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Are tattoo apprenticeships really not worth it? Expert insights

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When you want to become a tattoo artist, you might think about starting with an apprenticeship, where you learn from an experienced artist. But lately, people have been asking if this is really the best way to learn. Some have had bad experiences, like not learning much or being treated more like free help than a student.

Now, with new ways to learn tattooing out there, we're wondering if the old way of learning through apprenticeships is still good or if it's time to try something new. We're looking into this to help decide if apprenticeships are worth it or if there are better options.

 

 

a tattoo apprentice assisting the professional tattoo artist

 

What are tattoo apprenticeships?

Tattoo apprenticeships are specialised training programs where aspiring tattoo artists learn the craft under the guidance and supervision of experienced tattoo professionals.

During an apprenticeship, the apprentice gains hands-on experience in tattooing techniques, safety and sanitation protocols, skin anatomy, design principles, and customer service. It's a critical step for those looking to enter the tattoo industry professionally, as it provides both the practical skills and knowledge necessary to become a competent tattoo artist.

Apprenticeships can vary in length, but typically, they can last anywhere from 1 to 3 years. It involves a combination of observation, practice on synthetic skins or volunteer subjects, and learning the operational aspects of running a tattoo studio.

Benefits of getting tattoo apprenticeships

Tattoo apprenticeships offer a foundational step for aspiring tattoo artists to gain the skills, knowledge, and experience necessary to thrive in the tattoo industry.

Here are some of the key benefits of pursuing a tattoo apprenticeship:

  1. Professional guidance and mentorship: Apprenticeships provide the opportunity to learn directly from experienced tattoo artists. This mentorship is invaluable for gaining insights into the technical aspects of tattooing and the nuances of running a successful tattoo business.
  2. Hands-on experience: Unlike learning from online tutorials or classes, apprenticeships offer hands-on experience in a real tattoo shop environment. This experience is crucial for understanding shop dynamics, tattoo machine handling, sterilisation processes, and the intricacies of creating tattoos on different skin types and body parts.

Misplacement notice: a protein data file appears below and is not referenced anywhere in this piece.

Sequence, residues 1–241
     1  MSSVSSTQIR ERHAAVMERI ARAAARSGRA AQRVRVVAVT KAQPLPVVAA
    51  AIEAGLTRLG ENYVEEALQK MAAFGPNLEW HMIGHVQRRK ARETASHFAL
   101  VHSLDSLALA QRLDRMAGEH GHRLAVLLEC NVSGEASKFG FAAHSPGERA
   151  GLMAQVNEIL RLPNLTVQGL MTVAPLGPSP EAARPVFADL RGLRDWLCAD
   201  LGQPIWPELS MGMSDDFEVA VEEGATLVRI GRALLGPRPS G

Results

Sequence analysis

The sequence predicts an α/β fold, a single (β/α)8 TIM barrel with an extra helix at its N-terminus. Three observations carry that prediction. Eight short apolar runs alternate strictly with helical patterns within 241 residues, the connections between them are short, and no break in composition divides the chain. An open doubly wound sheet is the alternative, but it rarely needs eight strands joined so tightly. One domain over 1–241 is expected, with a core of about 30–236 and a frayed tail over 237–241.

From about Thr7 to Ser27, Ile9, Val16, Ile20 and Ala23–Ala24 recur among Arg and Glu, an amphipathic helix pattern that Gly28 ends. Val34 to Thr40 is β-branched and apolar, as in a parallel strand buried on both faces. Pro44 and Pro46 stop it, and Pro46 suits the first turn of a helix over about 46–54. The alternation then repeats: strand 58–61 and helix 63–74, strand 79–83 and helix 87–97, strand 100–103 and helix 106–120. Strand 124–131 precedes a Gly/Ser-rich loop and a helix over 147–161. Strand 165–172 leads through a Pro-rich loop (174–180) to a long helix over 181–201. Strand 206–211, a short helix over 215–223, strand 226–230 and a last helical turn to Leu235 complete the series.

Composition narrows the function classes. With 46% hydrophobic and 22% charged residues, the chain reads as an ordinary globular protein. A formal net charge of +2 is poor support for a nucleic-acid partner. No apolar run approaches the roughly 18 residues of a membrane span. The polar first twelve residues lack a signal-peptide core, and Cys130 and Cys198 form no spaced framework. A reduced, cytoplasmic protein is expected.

3. Building a portfolio: During an apprenticeship, you'll have the opportunity to work on various designs, potentially even on real clients under supervision. You can build a diverse portfolio to attract future clients and employment opportunities.
  4. Networking opportunities: Being in a tattoo shop environment exposes you to a network of artists, suppliers, and clients. These connections can benefit future collaborations, job opportunities, and client referrals.
  5. Learning business skills: Tattooing is not just an art; it's also a business. Apprenticeships often cover client consultations, booking appointments, marketing, and managing finances. These skills are critical for anyone looking to open a shop or build a freelance career.
  6. Certification and licensing preparation: Many regions require tattoo artists to have specific certifications or licenses. Apprenticeships can provide the necessary training and hours to qualify for these credentials, ensuring you meet all legal requirements to practice.
  7. Professional development: Beyond technical skills, apprenticeships foster professional growth, teaching you how to interact with clients, manage workloads, and maintain high standards of hygiene and safety.
  8. Cultural and artistic growth: Being part of a tattoo shop culture can inspire creativity and expose you to various artistic styles and techniques. This environment is conducive to personal and artistic growth.

What to expect in a tattoo apprenticeship?

 

a tattoo apprentice watching during tattooing session

 

In a tattoo apprenticeship, you can expect a rigorous and hands-on learning experience that will introduce you to the world of professional tattooing. Here's a broad overview of what to expect:

  • Learning the basics: Initially, you'll focus on learning the foundational skills of tattooing, including understanding different tattoo styles, safety and sanitation protocols, skin types, and how to handle and maintain tattoo equipment.
  • Observation and practice: Much of your time will be spent observing your mentor and other experienced tattoo artists. You'll learn by watching them interact with clients, execute designs, and manage the day-to-day operations of a tattoo shop. You'll also practice drawing and tattooing techniques on various mediums, eventually progressing to practising on synthetic skin and, much later, real skin.